Without her realizing it, Leslie had once upon a time set a firm intention, probably even silently, and forgotten about it. She was very successful in meeting her below-the-surface intention, and her results confirmed that: not making money even though her products were great, her customers were happy, and her income seemed to be more than her expenses. Now, in order to meet her unconscious or below-the-surface intention successfully, someone or something had to fall in line with that intention--and her employees were the ones who complied. Probably they did not even realize or understand their part. Leslie had attracted the very people who would help her out--in this case out of money and products and being profitable. Leslie seemed quite confused since she only wanted to know what to do about her employees and was not open to considering her part in the problem. She ended up leaving the meeting looking as if she hadn't gotten any worthwhile information. You, like Leslie, may be confused as you consider your underwater intentions and the results you are currently experiencing. Just begin with setting clear, spoken intentions and continue on with this journey. Eventually clarity about your prior underwater intentions will emerge as you go with the flow of the river. We are not animals that are solid. It's poor we are. We were saved by the language of influence. Probably a word such as, Run! The word spoken was the first. A Word of Effect. And it's been working. I still run from things that I'm afraid of. Developing a successful strategy of leverage involves going about four essential components: Firstly, organizations need a good understanding of the decision(s) they want to make by citizens, politicians, or other agencies.

There is a trend toward a decreasing number and proportion of self-references and self-regarding attitudes which are negative in emotional tone. Attitudes of ambivalence toward the self, in which positive and negative feelings are expressed together, tend to increase slightly until somewhat beyond the midpoint of therapy, and then to decrease slightly. At no period are ambivalent attitudes a frequent expression. At the conclusion of therapy there are more positively toned self-references than negative. These trends are not found, or are found in lesser degree, in cases regarded as unsuccessful. In the initial phases of therapy self-references tend to be negative expressions, emotional in tone or objectively negative; There are certain findings, less general in their nature, which tend to qualify these statements. The sharpest and clearest measure of the above trends is in terms of positive and negative feelings toward the self which are expressed as being currently held. The elimination of past attitudes from consideration heightens the slope of both curves. In the individual case, though the general trends are as described, there may be wide fluctuations from interview to interview in the self-regarding attitudes. Action Step When you engage your Feng Shui Current, set an intention before you take action. When you decide to place a cure in a Ba-gua area, set an intention for the cure before you place it. Consider putting the item for your cure on your altar, or taking it to a very spiritual place, to absorb your energy and intentions for abundance with an open heart. Now spend some time focusing on what you really want before you enter in to each upcoming experience. What kind of day would you like to have? How would you like to experience creating abundance? Look around your own home and work space with your Rational and Creative currents and consider your intentions for abundance and ease in your creative flow. Bring to the surface and release the thoughts and things that have not served you, and set some new intentions. Commitment to Struggle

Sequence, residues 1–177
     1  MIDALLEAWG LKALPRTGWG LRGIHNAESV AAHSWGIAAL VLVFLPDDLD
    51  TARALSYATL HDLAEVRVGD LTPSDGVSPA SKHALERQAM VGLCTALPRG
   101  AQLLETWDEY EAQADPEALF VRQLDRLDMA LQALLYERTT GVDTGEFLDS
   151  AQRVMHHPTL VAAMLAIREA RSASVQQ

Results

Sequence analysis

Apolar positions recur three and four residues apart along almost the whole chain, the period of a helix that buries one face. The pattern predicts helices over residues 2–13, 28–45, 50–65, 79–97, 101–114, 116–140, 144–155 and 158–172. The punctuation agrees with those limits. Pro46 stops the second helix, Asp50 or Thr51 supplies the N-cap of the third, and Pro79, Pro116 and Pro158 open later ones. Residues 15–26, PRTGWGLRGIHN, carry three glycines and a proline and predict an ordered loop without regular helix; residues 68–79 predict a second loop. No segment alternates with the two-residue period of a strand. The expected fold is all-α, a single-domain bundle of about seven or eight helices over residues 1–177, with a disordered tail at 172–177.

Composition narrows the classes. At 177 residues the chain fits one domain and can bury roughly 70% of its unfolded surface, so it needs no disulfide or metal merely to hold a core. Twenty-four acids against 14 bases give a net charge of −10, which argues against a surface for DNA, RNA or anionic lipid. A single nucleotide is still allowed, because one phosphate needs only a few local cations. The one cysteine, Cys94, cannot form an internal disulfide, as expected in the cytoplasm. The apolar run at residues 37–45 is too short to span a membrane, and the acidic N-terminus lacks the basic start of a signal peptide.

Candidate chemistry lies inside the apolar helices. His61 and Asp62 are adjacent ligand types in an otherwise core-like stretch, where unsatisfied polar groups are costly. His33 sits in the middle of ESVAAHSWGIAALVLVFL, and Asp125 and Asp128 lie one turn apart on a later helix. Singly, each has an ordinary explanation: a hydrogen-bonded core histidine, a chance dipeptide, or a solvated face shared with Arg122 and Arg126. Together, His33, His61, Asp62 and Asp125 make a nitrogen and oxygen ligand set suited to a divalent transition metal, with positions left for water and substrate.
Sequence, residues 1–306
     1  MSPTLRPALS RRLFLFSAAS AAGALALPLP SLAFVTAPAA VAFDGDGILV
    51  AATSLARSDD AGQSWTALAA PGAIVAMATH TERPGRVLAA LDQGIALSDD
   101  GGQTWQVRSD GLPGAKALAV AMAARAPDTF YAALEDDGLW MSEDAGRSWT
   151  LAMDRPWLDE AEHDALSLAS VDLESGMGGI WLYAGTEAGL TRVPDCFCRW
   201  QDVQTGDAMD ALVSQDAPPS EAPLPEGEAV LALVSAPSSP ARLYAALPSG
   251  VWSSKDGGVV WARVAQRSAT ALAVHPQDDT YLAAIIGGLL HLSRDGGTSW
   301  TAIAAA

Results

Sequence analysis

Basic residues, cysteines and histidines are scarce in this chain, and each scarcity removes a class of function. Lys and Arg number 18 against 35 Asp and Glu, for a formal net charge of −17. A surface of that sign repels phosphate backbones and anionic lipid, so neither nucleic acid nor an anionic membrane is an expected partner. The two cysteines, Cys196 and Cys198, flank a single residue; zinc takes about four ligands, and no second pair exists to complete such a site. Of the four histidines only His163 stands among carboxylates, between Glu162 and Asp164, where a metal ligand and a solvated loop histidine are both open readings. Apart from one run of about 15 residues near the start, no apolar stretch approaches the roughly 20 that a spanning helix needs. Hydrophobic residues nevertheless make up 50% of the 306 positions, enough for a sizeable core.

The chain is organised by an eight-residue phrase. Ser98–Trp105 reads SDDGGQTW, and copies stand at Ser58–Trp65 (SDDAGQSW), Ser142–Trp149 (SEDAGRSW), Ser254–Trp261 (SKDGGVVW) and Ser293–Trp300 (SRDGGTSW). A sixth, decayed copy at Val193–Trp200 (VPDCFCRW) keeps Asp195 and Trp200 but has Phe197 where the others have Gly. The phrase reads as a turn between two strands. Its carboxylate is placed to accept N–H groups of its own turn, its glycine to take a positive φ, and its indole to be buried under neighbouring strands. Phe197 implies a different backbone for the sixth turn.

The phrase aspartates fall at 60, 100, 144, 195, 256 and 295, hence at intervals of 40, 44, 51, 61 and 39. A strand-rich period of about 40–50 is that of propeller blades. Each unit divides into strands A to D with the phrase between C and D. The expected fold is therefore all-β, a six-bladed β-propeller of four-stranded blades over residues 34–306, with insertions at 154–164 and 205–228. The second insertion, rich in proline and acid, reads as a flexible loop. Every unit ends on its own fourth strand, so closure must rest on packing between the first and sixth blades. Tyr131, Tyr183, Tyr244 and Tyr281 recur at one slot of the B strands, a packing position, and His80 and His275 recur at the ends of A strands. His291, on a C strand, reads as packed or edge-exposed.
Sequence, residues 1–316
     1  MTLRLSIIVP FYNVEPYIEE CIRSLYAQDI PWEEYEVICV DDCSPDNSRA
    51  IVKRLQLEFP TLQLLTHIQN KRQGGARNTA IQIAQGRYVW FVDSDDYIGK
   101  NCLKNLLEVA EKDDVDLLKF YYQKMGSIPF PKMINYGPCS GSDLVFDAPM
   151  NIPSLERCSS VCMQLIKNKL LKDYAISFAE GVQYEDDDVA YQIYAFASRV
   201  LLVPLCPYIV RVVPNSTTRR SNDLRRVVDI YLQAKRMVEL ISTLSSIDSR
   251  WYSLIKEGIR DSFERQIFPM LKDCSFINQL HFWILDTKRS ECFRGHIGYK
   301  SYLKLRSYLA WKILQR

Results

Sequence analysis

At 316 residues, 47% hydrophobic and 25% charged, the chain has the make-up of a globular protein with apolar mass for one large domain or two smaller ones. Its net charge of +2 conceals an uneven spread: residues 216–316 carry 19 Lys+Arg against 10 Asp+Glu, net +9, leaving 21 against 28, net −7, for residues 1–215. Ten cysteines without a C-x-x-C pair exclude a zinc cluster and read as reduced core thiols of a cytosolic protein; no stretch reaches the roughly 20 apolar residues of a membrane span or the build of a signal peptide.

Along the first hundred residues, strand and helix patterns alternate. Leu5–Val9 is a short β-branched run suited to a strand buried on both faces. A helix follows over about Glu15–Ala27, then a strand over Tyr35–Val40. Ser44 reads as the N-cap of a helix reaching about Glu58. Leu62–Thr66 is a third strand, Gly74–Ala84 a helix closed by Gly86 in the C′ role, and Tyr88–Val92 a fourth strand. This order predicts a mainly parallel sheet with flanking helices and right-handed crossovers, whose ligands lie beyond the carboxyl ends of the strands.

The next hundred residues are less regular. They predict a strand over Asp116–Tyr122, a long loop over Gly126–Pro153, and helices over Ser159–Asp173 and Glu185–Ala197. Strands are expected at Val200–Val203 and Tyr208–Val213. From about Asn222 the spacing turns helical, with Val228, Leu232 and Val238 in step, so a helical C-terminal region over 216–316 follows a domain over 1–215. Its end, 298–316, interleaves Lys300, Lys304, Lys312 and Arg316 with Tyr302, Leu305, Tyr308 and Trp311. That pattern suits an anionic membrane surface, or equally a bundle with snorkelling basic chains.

Maybe this is a shift of actions, such as a person choosing to wear a seat belt or a helmet for a bike. Or a change of legislation that outlaws texting and driving. Or even a business choice, such as a business opting to give workers transit benefits. Or a sequence of choices, such as being a more sustainable company. A good sense of the choice that must be made; Knowledge about who makes these decisions An informed theory of how the decision will be taken; Knowledge of how the business can affect the decision-making process and a game plan to make it happen. Second, organizations need a good understanding of the decision(s) they want to make by citizens, politicians, or other agencies. Maybe this is a shift of actions, such as a person choosing to wear a seat belt or a helmet for a bike. After a slow rise in positive attitudes, negative attitudes may become sharply predominant for a time, etc (49) Within the general trends described there is more variability in self-regarding attitudes in the later stages of therapy than in the early stages. There is often an initial decrease in the positively toned self-regarding attitudes, before the general upward trend becomes evident. The unsuccessful case may remain consistently high in negative feelings about the self, or consistently high in positive self-attitudes. This material has to do with the feelings and attitudes which the client has toward himself, and the way in which those feelings change. Probably the more basic change is in the way he perceives himself. Unfortunately this is a complex and perplexing problem to investigate with research methodology; The major study is that made by Sheerer, and so far as her results have reference to the self, they may be summarized as follows. There is a tendency for the acceptance of self, operationally defined, to increase during therapy. Acceptance of self, according to the definition used, means that the client tends: